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I need reliable recipes for large format preperation.

The food is for an elementary school's hot lunch program; should be healthy. The recipes need to easily adapt for 80-200. I volunteer once a month to cook (alone) for the kids.

asked by Gina Lea almost 5 years ago
7 answers 1097 views
A7132580 ab6d 4637 9b1a ed4f3f514400  scplogoblog
added almost 5 years ago

Find something like The Professional Chef (instructional book for the Culinary Instititue of America) or Professional Cooking (Wayne Gisslen). These are instructional recipe books, used in culinary schools to teach the basics of cooking for the public. This means that, while they are not the most creative recipes around, they do tend to work well and are highly scalable (think about it, 80-200 may seem like a lot to you and me, but to a professional chef that is small scale catering).

23b88974 7a89 4ef5 a567 d442bb75da04  avatar
added almost 5 years ago

Just an idea: Jamie Oliver was on the crusade to change Britain's school lunches (of which I was once a patron). He's written nutritious recipes for the schools to feed 80 - 100 kids. Not sure whether he's compiled everything on a website or published recipes in a cookbook, but worth looking into. Hope this helps.

8a5161fb 3215 4036 ad80 9f60a53189da  buddhacat
SKK
added almost 5 years ago

Wow - you are revealing a missing link - frontline chefs
committed to healthy foods for the kids and no recipes.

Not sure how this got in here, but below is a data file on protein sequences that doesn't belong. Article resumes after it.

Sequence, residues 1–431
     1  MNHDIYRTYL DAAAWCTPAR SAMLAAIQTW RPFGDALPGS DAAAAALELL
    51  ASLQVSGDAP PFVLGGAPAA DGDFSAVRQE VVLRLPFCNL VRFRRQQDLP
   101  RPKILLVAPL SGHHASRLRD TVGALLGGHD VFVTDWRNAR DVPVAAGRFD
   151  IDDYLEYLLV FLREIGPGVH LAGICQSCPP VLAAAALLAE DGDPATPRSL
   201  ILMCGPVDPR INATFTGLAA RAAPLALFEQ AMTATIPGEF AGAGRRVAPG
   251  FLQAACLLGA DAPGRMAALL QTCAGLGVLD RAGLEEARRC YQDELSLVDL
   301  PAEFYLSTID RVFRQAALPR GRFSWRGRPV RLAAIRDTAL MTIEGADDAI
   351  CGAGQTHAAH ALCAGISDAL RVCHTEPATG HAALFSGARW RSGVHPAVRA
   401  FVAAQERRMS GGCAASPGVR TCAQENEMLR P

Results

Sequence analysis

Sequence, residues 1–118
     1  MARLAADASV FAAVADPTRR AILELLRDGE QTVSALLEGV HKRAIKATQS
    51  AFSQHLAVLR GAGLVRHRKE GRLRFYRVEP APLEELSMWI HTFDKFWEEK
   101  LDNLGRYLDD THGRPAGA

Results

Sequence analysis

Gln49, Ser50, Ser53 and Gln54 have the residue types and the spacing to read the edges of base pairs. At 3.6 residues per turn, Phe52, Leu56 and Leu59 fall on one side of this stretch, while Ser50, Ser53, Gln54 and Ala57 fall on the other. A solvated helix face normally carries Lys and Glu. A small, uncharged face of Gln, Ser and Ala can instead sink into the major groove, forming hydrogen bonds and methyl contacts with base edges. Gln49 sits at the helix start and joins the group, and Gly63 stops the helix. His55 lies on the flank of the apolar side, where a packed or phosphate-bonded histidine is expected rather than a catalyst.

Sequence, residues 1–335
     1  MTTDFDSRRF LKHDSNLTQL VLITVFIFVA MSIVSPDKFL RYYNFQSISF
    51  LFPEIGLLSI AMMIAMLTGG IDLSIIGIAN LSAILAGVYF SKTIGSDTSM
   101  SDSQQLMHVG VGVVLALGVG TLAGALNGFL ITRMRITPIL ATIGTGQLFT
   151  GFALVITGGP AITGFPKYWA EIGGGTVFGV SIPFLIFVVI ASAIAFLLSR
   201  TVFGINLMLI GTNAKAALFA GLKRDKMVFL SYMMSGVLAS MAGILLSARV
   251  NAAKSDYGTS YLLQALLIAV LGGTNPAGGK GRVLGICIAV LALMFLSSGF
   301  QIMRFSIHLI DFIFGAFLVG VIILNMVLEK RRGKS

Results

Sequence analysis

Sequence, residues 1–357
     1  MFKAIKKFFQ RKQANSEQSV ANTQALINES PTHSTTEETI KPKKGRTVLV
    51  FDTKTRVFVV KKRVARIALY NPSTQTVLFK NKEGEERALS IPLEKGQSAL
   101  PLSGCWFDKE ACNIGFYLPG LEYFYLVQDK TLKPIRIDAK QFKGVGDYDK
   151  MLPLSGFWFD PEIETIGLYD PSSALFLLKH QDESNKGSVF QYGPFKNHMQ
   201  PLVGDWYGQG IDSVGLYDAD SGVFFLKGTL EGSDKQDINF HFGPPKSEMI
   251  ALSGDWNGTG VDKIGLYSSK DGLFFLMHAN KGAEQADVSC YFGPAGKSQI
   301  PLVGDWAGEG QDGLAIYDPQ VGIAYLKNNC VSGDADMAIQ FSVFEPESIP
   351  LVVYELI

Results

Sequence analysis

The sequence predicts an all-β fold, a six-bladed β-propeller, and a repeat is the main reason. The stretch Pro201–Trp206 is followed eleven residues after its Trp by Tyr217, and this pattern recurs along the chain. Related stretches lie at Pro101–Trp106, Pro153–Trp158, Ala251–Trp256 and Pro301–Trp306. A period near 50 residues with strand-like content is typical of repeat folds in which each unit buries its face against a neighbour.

My Mom and former mother-in-law both cooked in a small school with their own recipes and I was silly and did not save them.

Do you have to prep and clean also?

The two answers from ubs2007 and slowcookedpittsburgh are great. It may be you will write the cookbook.

671b6c39 4898 435f 92c5 89cd9b925088  img 3788
added almost 5 years ago

Back in my coop college days I cooked for 60 to 80 people using Moosewood restaurant's cookbook - they have one specifically for large scale vegetarian cooking. (moosewood cooks for a crowd.) Some of the recipes are kid-friendly - i made pad Thai for 60 that was pretty delicious...but I guess you need to avoid peanuts. You could make the food non- veggie by just adding chicken or ground turkey to one of the casseroles. if you are on your own, I suggest making a cassarole or a stew with Cous-Cous so you don't get too harried right before service.

671b6c39 4898 435f 92c5 89cd9b925088  img 3788
added almost 5 years ago

Oh- and what a great service you are doing!! I remember elementary lunch with horror- oily pizza and sloppy joes- ick. I hope you will write back about your experiences! It must be hard to cater to finicky kid tastes, but it is really important to provide healthy, low-sugar meals. Maybe you can introduce kids to healthy food they will love.
What kind of food sources do you have? Can you get fresh veggies, meat, whole wheat flour or whole grains?

23b88974 7a89 4ef5 a567 d442bb75da04  avatar
added almost 5 years ago

Yes, I have all resources available. This is my 9th year as the hot lunch coordinator; now up to 400 students! I'm looking for new fresh ideas that can be done in a very small non commercial kitchen.

8bbce907 3b5e 4c8c be5c c64e6c780d63  birthday 2012
luvcookbooks

Meg is a trusted home cook.

added almost 5 years ago

Moosewood Cookbook for Large Quantities, I have also cooked Hilary's Black Bean Chili for 100 people and lived to tell the tale. http://www.food52.com/recipes...
Served it with Martha Rose Shulman's New Mixed Grain Bread, in most of her cookbooks, freezes well.
Kids like both of these recipes, despite their healthfulness.
Serve with carrot sticks and celery sticks.
Chocolate chip cookies for dessert.